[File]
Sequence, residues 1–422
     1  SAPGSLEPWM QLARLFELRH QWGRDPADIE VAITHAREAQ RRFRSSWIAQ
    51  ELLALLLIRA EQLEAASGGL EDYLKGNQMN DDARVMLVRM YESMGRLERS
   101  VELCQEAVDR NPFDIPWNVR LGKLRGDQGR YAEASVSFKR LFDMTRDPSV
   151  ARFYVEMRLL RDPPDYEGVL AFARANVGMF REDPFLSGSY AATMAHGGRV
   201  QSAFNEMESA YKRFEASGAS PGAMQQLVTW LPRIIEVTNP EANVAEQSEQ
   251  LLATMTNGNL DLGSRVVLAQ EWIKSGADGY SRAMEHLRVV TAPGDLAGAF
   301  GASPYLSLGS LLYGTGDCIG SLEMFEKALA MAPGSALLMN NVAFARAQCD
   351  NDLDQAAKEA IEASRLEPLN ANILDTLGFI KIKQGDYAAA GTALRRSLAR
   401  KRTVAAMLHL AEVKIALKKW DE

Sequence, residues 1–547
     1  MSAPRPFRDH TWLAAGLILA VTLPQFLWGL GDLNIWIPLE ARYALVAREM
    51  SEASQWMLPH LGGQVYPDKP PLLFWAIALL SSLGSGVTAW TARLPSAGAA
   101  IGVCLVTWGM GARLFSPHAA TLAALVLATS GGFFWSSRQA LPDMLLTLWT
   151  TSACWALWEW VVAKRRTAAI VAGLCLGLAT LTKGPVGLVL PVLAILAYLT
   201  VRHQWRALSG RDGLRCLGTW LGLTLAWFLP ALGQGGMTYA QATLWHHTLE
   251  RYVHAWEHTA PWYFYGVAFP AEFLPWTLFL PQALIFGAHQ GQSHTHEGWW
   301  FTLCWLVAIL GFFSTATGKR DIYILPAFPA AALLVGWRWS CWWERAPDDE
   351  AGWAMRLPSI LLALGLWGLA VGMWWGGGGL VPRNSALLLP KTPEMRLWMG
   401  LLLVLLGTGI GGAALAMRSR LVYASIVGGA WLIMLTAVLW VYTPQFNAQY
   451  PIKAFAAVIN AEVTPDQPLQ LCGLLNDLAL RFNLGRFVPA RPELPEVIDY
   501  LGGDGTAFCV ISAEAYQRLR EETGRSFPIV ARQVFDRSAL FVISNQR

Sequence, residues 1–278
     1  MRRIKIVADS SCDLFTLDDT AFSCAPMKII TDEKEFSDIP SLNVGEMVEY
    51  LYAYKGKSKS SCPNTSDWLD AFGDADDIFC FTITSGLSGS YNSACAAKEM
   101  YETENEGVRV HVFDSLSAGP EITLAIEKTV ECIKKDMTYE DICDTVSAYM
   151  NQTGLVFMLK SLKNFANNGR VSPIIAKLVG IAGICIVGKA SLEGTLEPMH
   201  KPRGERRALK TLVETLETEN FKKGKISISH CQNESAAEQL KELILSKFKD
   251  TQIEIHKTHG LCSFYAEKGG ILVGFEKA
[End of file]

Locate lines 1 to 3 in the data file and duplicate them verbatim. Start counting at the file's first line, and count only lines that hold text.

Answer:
Sequence, residues 1–422
     1  SAPGSLEPWM QLARLFELRH QWGRDPADIE VAITHAREAQ RRFRSSWIAQ
    51  ELLALLLIRA EQLEAASGGL EDYLKGNQMN DDARVMLVRM YESMGRLERS